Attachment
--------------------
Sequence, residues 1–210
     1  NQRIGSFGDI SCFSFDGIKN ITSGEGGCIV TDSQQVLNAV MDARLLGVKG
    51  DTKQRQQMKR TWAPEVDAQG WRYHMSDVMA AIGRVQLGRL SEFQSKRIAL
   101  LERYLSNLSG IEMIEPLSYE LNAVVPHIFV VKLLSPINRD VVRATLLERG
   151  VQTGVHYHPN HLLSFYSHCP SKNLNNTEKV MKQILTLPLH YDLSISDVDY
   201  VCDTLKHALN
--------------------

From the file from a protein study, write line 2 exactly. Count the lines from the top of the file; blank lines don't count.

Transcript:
     1  NQRIGSFGDI SCFSFDGIKN ITSGEGGCIV TDSQQVLNAV MDARLLGVKG